This Pet Delight Can Be Fatal, Please Don't Make This Tragic Mistake

Analysis by Dr. Karen Shaw Becker

chicken jerky dog treats

Story at-a-glance -

  • After a dozen years and no answers, the FDA is wrapping up its investigation into the link between jerky pet treats from China and sickness and death in thousands of pets across the U.S. and several other countries
  • The investigation did uncover several contaminants in commercial pet treats, including drug residues and traces of melamine, but according to the FDA and treat manufacturers, these substances weren’t the problem
  • While the FDA claims reports of illness have dropped to “baseline levels,” as recently as last year, pet parents were still reporting cases to pet food consumer advocate Susan Thixton at TruthAboutPetFood.com
  • If you’re a pet parent, I strongly advise against store-brought jerky treats; instead, make your own by following a simple recipe

Not long ago, Food Safety News published a post on the tainted jerky treats from China fiasco I’ve written several articles about over the years. As the author of the post notes:

“More than 10 years after the first reports of pet and people illnesses linked to jerky treats from China, the U.S. Food and Drug Administration is no closer to finding the root cause of the problem.”1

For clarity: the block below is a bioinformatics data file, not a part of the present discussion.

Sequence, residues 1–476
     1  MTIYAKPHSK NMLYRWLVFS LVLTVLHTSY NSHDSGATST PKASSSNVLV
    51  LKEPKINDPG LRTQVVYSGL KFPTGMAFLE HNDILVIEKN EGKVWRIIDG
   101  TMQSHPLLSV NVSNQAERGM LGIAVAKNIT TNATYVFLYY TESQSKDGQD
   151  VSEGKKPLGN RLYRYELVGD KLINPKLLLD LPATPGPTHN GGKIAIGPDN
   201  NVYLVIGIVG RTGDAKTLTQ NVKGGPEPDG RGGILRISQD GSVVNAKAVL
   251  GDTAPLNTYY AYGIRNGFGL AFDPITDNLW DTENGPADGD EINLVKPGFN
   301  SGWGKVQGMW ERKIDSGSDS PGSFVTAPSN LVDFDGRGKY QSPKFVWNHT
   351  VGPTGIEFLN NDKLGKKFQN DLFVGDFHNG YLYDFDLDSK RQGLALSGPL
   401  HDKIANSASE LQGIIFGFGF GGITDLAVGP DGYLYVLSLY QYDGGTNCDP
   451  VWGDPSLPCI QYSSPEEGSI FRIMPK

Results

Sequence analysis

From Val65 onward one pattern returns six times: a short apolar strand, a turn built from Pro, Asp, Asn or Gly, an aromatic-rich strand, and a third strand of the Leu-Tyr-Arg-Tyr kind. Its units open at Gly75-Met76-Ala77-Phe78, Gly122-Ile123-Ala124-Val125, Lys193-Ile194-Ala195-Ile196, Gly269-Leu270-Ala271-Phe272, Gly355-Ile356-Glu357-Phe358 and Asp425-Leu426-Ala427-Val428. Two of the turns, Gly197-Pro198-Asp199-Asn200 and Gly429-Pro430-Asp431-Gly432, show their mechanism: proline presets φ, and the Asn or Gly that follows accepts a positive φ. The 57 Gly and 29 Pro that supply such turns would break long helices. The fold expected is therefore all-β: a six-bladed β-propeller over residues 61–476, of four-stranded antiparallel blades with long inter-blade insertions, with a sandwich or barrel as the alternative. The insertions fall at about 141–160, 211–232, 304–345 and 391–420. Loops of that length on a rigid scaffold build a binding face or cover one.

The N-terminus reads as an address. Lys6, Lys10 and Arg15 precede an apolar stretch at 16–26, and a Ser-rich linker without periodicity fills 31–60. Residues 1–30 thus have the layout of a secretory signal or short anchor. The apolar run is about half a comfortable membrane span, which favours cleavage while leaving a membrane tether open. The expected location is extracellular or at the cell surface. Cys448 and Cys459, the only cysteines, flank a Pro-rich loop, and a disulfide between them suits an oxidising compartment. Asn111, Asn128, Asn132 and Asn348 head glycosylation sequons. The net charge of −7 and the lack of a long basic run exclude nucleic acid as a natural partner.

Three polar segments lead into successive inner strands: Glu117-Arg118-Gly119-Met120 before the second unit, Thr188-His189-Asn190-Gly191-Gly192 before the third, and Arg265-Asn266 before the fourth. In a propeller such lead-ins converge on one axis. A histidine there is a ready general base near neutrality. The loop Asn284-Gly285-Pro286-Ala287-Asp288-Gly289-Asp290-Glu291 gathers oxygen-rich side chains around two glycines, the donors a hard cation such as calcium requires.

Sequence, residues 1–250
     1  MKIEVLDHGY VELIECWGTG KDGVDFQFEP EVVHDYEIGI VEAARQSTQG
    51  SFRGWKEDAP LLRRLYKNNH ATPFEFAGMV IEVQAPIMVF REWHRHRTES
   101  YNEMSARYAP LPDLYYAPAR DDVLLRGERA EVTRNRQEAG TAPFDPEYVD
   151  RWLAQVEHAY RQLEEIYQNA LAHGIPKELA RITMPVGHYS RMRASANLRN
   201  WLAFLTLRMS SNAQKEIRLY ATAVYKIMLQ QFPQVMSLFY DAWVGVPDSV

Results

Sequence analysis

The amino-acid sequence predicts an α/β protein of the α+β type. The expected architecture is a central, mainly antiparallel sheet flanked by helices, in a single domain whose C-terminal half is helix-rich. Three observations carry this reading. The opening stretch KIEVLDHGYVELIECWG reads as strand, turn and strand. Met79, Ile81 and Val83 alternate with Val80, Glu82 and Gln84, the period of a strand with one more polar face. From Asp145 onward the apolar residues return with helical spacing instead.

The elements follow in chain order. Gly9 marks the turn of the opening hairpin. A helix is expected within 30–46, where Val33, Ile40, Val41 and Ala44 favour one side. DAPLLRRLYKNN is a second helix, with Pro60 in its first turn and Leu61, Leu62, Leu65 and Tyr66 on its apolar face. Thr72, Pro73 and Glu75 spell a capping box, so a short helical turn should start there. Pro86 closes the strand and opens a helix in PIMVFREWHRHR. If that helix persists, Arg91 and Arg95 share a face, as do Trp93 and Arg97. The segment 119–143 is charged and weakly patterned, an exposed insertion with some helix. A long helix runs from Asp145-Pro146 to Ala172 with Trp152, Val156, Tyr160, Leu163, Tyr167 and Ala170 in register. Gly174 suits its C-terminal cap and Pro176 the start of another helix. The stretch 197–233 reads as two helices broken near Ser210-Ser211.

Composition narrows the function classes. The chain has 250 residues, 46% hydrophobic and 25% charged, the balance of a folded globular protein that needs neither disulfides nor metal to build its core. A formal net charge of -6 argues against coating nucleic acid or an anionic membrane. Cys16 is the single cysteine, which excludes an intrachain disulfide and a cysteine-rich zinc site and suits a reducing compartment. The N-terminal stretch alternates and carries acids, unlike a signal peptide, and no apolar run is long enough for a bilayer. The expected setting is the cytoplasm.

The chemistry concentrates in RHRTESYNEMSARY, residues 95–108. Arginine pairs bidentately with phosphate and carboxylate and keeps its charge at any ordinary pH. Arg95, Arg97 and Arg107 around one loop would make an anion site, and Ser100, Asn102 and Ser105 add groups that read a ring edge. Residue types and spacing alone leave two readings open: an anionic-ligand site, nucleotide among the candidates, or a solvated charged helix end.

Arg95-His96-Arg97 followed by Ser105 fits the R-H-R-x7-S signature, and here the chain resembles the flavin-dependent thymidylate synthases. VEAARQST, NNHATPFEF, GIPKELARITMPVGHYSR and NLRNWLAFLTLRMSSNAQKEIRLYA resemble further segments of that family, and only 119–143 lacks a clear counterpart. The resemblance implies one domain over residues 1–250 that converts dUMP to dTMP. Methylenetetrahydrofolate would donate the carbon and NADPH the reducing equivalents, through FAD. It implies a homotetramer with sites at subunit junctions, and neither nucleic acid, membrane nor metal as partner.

From August 2007 through the end of 2015, the number of reports of illness linked to the treats included more than 6,200 dogs, 26 cats and three people. More than 1,140 of the dogs didn’t survive their illness. Three years ago, in June 2016, the Journal of the American Veterinary Medical Association (JAVMA) issued a news release stating, “Dogs are still becoming ill after eating jerky-type treats, although illness reports have declined.”2

Around the same time, the FDA published an update on its ongoing investigation into the issue. There have been no “official” updates since then.

Lowlights From a Decade-Long Investigation

According to Food Safety News, per Dr. Lee Anne Palmer of the FDA’s Center for Veterinary Medicine (CVM), since 2007 the FDA has received reports of pet illness related to jerky treats from all 50 states in the U.S., most Canadian provinces and several other countries, including Germany, the United Kingdom, Singapore and Switzerland. Some other items of note from Palmer’s summary of the FDA’s investigation that haven’t been widely reported: